Monday, April 06, 2009
Dear new management of the Music Mill,
I'm pleased to hear that you're reopening the Music Mill. While I no longer live in Indianapolis, I still feel an attachment to music venues and the overall art culture in the city. To this day, I always feel a twinge of sadness when walking past the rotating name adorning the rotting corpse of the Patio, and when the Music Mill announced its closing in January, I was disappointed. While the venue's location is less than ideal, it was one of the best-sounding rooms in the city, and the fact that it was a non-smoking venue was an added bonus.
I'm sure that in deciding to reopen the venue, there has been no shortage of conversations centered on what can be done to help the Music Mill be more financially viable than it was when it originally shut it's doors. There are several factors to debate. Should there be an age restriction on concert admissions? 21 and over or 18 and over? Should the scheduling cater more toward national or local acts? Should we focus more on private parties and band events?
The answers to these questions don't matter nearly as much as following one credo.
Schedule new artists. Stop booking the same goddamn bands over and over.
Seriously. It's the worst. So many times when I'm coming back ton Indy to visit, I check and see if anyone remotely worthwhile might be playing. And do you know who I find rolling through time and time again? Guster. The Samples. The Reverend Horton Heat. Rusted Root. Cowboy Mouth. Cowboy Junkies. Other bands with "Cowboy" in their name. Enough! It's all I can do to not open fire upon hearing the name "BoDeans!" And it has to end! In my final three years living in Indianapolis, I had reason to go to the Music Mill exactly twice - once for The Hold Steady and once for Hairbanger's Ball. This is a problem.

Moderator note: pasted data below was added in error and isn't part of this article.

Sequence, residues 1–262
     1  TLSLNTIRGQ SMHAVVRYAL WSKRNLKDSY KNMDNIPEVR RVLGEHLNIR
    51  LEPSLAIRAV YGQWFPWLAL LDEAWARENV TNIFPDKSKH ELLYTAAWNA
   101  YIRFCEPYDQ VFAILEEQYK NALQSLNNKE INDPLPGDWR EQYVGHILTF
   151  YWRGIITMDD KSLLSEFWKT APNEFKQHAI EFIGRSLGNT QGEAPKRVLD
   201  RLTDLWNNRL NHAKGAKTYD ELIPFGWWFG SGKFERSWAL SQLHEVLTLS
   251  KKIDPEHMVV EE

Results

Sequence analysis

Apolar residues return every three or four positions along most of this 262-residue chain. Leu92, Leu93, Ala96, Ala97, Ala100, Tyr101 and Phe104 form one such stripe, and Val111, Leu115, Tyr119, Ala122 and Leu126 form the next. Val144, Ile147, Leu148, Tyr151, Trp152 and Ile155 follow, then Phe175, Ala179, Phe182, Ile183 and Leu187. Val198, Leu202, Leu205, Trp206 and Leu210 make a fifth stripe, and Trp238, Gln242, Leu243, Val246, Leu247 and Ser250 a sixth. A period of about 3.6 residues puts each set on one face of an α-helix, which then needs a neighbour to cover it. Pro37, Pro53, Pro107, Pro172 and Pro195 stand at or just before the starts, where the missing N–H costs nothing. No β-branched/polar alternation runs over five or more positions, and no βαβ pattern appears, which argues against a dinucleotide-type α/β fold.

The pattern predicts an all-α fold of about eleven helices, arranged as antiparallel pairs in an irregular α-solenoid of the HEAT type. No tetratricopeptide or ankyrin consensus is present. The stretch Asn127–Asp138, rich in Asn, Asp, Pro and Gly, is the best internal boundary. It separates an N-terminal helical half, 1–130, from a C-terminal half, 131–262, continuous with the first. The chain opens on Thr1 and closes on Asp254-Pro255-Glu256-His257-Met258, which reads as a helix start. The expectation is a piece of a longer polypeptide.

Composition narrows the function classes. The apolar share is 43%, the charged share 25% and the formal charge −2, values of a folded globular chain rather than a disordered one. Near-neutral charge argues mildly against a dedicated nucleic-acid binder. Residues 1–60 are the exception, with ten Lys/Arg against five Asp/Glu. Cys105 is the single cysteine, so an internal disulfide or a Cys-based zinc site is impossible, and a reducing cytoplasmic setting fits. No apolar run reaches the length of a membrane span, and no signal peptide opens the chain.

Understand, this is not an argument against shitty music. That discussion can occur at another place and time. This is about the same shitty music showing up time and time again. That is not a sustainable business model, and I for one would like to see this business succeed. The Music Mill as a venue is unique enough that it can create a comfortable niche in the city. There are plenty of talented people in Indianapolis who routinely book different high-level shows at smaller venues (coughRADIORADIOcough). Expand on this method and please, no more Edwin McCain. Honestly, that fucking guy...